Once I got onto the stage, and started reading, I realized that this wasn’t just about me, but it was about all women and all girls all around the world. I was offered the opportunity to be a part of something important, something needed, and there I was, center stage. Even though I only spoke for two minutes, I was still there and I was still heard. I was a voice in the movement of International Day of the Girl and a voice to all the millions of girls who have their voices denied the opportunity to be heard.

My piece of the intersectionality essay that I read out loud was probably one of the least “personal” parts of my essay, however it was the one part that I felt was a contrast to what most around me had experienced, and was something that was also relatable. I spoke about my time in my old school back in Australia, and how characteristically different it was from my school now.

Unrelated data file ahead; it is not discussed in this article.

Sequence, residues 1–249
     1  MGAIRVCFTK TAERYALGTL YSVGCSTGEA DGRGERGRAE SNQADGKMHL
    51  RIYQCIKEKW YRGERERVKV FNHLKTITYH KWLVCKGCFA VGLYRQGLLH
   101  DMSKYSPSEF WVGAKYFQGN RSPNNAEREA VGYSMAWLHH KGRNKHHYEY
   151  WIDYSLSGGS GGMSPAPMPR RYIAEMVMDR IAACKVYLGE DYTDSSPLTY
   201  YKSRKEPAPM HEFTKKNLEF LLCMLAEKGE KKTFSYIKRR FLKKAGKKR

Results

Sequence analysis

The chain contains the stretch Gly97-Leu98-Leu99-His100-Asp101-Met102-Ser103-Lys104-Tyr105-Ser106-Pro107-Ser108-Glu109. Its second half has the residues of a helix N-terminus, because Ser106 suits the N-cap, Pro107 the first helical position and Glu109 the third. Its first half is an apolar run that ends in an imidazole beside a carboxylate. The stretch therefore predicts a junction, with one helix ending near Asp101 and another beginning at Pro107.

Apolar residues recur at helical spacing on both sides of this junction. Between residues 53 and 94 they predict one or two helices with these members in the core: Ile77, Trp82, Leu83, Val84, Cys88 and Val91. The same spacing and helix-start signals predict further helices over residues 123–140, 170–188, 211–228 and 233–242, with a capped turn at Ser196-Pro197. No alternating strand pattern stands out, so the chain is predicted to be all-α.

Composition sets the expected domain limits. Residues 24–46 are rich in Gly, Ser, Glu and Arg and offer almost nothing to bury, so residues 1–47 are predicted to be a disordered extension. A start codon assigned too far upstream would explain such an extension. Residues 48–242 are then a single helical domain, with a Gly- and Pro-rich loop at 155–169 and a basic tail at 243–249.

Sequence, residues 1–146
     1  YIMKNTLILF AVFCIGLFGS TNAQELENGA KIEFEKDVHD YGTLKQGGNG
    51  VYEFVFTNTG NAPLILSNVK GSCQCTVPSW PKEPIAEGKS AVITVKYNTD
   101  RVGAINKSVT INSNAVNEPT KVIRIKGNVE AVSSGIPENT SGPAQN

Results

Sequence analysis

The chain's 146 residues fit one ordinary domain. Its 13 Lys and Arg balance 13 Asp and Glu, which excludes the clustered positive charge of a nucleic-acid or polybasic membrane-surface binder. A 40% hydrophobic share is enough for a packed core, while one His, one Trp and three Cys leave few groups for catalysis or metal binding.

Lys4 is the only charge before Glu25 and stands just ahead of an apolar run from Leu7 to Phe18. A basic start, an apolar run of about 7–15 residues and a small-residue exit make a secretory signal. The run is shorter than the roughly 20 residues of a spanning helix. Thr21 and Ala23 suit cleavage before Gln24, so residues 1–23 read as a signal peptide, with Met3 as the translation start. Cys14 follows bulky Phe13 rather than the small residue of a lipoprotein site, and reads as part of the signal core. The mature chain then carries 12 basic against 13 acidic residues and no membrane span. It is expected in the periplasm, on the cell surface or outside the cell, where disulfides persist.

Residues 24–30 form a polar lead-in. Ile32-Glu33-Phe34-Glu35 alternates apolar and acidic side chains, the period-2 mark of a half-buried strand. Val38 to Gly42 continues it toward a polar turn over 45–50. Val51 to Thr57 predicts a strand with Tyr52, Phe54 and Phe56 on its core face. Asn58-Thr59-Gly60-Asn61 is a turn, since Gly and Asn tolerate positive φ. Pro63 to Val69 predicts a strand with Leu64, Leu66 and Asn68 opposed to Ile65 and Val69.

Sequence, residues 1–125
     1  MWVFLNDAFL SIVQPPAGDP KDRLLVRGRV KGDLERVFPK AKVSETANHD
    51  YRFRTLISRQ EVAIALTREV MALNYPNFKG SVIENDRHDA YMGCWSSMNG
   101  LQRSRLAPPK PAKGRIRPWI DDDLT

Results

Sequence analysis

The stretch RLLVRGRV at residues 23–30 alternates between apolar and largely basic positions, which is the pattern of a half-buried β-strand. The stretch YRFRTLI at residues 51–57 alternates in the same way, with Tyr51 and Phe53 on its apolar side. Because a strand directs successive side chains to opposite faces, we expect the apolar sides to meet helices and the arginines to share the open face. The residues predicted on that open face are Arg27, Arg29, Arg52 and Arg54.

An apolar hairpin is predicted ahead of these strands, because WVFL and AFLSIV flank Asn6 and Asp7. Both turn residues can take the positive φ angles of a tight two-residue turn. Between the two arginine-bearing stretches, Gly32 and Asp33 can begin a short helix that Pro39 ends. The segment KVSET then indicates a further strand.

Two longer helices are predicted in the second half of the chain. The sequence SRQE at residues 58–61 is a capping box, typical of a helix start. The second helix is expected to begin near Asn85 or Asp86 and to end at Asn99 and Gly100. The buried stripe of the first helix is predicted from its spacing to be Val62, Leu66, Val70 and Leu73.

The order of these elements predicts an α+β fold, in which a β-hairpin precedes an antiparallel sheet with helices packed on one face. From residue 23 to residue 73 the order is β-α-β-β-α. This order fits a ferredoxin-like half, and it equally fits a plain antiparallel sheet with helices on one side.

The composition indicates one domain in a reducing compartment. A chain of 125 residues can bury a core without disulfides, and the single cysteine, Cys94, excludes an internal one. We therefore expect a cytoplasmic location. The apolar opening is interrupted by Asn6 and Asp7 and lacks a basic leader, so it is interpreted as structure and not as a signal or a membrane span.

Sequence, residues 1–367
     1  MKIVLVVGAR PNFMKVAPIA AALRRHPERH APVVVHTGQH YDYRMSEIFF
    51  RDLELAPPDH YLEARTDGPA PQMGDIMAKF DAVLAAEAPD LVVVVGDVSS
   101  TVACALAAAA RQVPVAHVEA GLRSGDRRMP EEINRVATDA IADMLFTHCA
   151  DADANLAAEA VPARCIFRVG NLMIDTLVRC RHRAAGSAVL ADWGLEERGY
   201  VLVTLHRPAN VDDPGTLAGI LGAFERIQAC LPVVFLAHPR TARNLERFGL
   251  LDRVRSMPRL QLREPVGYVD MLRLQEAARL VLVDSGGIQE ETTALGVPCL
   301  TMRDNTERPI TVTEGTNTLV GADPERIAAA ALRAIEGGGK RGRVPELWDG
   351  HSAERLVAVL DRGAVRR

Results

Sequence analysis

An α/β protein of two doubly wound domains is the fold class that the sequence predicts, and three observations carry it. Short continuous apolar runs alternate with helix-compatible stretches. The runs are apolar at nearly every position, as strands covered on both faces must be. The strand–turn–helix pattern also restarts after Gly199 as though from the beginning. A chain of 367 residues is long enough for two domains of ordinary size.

I wrote: “The school never drew attention to people’s differences or uniqueness. I feel as if the school tried to create people to be the same, or at least that is how I felt…” This line pretty adequately sums up what the rest of my speech was about, but then I elaborated on the importance of not being the same, of being different. I quoted the famous feminist Audre Lorde, whose writing helped support my idea of everyone standing up and celebrating their differences rather than shy away from them. In her essay, “The Master’s Tools Will Never Dismantle the Master’s House,” she wrote: “It is learning how to stand alone, unpopular and sometimes reviled, and how to make common cause with those others identified as outside the structures in order to define and seek a world in which we can all flourish.”